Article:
Amended Helicobacter pylori 13-C breath test

Helicobacter pylori 13-C breath test – a non-invasive method for diagnostics and therapy monitoring
Previous diagnostic techniques were limited to indirectly detecting antibodies against Helicobacter pylori, detecting Helicobacter pylori in the stool along with evidence from biopsy material.
The frequently used screening method using the EIA (enzyme immunoassay) to provide evidence of antibodies against Helicobacter pylori has the disadvantage of not being able to detect very recent infections due to the fact that no antibodies have been produced yet. It is also unsuitable for eradication monitoring, since the antibodies may persist for a very long time.

The disadvantage of detecting Helicobacter pylori in the stool is that, depending on the stool consistency, different antigen quantities are excreted with the stool. In addition, the Helicobacter pylori stool test is also problematic in therapy monitoring. Invasive endoscopic sampling is unpleasant for patients, involves a risk of bleeding and is also an uncertain basis for diagnostics, since Helicobacter does not populate the gastric mucosa evenly. In order to ascertain the findings, biopsy samples need to be taken taken from different points of the gastric mucosa.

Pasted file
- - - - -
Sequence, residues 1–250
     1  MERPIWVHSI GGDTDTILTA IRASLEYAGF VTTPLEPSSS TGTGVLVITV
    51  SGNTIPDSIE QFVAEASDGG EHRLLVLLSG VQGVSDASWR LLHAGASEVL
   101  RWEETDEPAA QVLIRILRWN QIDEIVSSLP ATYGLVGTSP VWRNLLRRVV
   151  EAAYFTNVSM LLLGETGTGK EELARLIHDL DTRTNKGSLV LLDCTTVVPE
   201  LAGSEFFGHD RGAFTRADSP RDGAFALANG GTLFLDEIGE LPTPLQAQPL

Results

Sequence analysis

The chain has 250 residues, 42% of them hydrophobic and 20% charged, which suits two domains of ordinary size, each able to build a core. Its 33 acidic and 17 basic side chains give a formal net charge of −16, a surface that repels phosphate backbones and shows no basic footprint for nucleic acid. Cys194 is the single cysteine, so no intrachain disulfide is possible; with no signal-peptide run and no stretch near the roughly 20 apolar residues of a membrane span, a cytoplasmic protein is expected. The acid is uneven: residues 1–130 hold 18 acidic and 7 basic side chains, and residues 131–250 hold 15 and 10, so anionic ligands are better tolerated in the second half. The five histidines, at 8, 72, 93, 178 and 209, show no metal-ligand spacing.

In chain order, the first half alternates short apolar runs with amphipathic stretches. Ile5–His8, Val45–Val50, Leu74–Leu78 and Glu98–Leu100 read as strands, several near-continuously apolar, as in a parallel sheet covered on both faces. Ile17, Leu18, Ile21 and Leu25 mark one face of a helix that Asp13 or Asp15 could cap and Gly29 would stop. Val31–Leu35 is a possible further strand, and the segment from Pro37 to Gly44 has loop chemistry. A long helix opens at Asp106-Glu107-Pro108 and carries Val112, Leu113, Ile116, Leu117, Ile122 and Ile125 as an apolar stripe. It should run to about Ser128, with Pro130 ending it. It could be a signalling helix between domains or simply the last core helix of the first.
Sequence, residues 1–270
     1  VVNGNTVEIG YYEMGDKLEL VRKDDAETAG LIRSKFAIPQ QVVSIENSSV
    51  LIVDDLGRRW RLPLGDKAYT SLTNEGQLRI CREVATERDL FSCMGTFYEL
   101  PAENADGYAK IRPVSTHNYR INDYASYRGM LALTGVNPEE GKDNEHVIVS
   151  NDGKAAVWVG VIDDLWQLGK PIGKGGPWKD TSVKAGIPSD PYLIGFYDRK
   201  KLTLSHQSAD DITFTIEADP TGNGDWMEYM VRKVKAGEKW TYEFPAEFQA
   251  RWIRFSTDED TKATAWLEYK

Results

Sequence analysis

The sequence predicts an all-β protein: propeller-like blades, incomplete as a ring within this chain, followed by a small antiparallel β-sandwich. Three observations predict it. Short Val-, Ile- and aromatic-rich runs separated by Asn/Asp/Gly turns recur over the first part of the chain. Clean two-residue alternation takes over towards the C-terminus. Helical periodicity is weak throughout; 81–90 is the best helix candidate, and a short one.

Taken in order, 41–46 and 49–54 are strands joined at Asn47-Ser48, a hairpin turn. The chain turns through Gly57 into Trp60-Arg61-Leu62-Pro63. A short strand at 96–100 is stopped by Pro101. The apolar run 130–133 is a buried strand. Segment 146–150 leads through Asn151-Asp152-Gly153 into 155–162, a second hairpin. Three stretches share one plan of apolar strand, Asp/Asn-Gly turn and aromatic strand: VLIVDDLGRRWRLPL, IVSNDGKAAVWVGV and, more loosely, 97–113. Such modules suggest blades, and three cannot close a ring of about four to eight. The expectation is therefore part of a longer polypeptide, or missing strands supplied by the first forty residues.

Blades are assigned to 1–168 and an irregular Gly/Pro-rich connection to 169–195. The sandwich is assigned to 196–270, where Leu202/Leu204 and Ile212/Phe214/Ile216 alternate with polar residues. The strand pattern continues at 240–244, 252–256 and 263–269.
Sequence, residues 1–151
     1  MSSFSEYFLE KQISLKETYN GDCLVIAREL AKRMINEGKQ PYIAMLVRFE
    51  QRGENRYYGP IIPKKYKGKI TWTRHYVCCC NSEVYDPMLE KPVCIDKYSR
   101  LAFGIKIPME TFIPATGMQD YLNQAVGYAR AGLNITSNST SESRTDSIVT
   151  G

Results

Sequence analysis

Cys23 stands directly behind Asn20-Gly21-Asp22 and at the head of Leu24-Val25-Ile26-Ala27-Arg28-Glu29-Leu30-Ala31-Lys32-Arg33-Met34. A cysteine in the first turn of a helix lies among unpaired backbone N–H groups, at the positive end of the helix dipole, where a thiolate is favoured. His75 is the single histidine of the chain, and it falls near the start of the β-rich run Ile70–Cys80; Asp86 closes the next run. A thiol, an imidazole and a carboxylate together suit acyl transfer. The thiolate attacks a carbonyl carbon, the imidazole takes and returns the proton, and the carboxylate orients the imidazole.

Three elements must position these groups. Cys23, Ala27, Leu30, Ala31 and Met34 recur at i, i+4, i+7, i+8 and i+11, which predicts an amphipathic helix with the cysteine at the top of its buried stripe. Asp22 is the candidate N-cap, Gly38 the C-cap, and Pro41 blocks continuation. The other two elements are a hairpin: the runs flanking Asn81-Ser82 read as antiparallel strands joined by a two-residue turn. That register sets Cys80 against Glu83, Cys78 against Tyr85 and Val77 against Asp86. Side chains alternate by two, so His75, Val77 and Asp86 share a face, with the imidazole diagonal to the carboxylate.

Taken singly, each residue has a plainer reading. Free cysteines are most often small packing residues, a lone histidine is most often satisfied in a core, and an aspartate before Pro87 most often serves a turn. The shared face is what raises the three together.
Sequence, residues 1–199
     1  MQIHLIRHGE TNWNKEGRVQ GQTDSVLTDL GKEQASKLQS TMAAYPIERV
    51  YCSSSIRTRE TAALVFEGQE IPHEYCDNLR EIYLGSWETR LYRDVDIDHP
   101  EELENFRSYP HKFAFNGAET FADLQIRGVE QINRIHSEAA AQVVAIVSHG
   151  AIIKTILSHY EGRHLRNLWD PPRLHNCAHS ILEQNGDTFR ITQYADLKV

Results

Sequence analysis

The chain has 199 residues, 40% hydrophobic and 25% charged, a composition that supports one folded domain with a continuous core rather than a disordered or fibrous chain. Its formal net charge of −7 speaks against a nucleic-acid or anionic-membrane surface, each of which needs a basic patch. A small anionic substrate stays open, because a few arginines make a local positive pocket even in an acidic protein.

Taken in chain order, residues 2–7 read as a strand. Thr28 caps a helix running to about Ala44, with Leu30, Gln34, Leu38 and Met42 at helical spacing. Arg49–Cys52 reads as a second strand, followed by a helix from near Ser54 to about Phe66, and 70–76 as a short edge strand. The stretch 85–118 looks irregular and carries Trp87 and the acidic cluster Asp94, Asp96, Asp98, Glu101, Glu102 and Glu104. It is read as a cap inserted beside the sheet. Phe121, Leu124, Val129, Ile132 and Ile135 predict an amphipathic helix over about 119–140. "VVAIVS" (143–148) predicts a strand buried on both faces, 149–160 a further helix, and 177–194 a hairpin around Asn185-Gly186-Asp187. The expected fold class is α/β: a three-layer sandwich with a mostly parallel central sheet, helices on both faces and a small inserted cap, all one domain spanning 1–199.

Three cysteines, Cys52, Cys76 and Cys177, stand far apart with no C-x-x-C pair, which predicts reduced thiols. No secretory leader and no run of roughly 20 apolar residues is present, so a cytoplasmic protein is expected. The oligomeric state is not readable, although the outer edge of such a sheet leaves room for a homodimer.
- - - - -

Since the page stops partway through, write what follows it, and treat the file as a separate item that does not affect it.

With the aid of the 13-C urea breath test, it is now possible to carry out simple, safe and non-invasive primary diagnostics and therapy monitoring. The sampled 13-C urea is split by the bacterial urease into 13-C carbon dioxide and ammonia. The 13-C isotope does not emit radiation and is completely harmless. The test can also be performed safely on pregnant women.

Test procedure

  1. Submission of a breathing sample in one breath bag (= zero sample).
  2. The patient swallows the 50 mg of 13-C urea (Diabact Urea Breath Test tablet) with 50-100 ml of water and without chewing it.
  3. A second breath sample is taken after 10 minutes.

Reference range
Results: The analysis is performed using isotopic spectrometry (content: 13-C carbon dioxide).
A relative increase of 13-C carbon dioxide after 10 minutes over the limit values (1.7 %) is regarded as a positive result.

Negative: < 1.3 %
Borderline: 1.3-1.7 %
Positive: > 1.7 %

Therapy should be monitored after 4-6 weeks. Patients should not take antibiotics or bismuth components 28 days before the test, nor proton pump inhibitors 14 days before the test.


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